The UK public’s decision to leave the EU is an important one. Leaving the largest economy in the world is bound to have consequences for UK banks and their customers in both in the immediate future and long term. The economic uncertainty caused by the leave vote, and eventual Brexit, is inevitably going to put customers at odds with their banks. Ultimately this could result in the types of legal and financial issues experienced both during and after the 2008 financial crisis.
Already we are seeing signs of stress on the banking sector and talk of future bailouts. It was announced on Monday that the trading of RBS and Barclays shares had been suspended following their prices dropping by 15% and 10% respectively.
In this post, we will explore some of possible challenges faced by bank customers in the near future and some of the lessons learned from the 2008 crisis.
Tightening the purse strings
In any period of economic uncertainty, banks are going to be much more reluctant to lend. Higher capital requirements (brought about by EU regulations) may be good for their stability but they are not good from their customers in terms of the availability of finance.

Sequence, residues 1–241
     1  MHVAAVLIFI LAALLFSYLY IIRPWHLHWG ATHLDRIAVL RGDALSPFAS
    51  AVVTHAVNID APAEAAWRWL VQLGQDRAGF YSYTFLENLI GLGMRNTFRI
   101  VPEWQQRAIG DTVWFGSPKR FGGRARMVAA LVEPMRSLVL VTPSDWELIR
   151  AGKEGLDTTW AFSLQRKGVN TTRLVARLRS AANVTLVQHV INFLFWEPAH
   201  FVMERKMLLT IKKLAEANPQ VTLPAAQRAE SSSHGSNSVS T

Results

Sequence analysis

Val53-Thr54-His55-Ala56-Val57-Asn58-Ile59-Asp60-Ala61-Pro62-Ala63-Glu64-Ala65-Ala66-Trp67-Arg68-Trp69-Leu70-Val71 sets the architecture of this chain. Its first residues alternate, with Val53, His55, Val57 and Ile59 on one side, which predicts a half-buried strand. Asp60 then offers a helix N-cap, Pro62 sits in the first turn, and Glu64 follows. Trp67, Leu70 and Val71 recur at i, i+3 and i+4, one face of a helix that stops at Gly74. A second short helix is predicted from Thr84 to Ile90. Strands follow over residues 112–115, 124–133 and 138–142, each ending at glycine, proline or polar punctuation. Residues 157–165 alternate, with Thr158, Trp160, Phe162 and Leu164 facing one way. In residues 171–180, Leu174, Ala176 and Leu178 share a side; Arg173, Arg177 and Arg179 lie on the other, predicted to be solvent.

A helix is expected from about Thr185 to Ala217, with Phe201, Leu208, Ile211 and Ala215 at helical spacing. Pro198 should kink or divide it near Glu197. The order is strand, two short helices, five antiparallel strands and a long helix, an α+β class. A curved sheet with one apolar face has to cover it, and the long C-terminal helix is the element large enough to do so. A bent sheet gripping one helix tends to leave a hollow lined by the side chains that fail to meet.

The 2008 financial crisis led to countless so-called “broken promises” cases, many of which are still rumbling their way through the courts. Generally, these cases involved an indication or promise to lend prior to the crash which was later reneged upon by the bank when working capital to lend became unavailable. These cases were particularly catastrophic for customers who had already committed their own money or other loan facilities to property projects they fully anticipated were going to be fully funded.
Customers should avoid embarking on courses of action as a result of vague or otherwise non-binding commitments to lend made before the vote. Indications that the finance will be forthcoming in the future should not be taken at face value. What might have satisfied a credit committee prior to the referendum might be out of the question now that the pursuer strings have been tightened.
Unless a written agreement is in place it is highly likely that indications of support from a lender will be “subject to credit” and not binding on the bank. Indications of lending support made prior to the referendum should be revisited before business decisions are made.
If discussions are taking place regarding the provision of finance ensure that any undertakings to lend (unconditional or otherwise) are obtained in writing and that meetings are properly minuted and contemporaneous notes taken. All this will help if there is a dispute in future regarding what was said.
Terminating Banking Facilities
It is a fact of business that when economic and commercial circumstances change parties will seek to reassess their contractual arrangements and try to exit those that are no longer profitable. The same can be said for banking agreements. When put under pressure banks may well try to terminate facilities and recover their loans and overdrafts.
Breaching loan to value covenants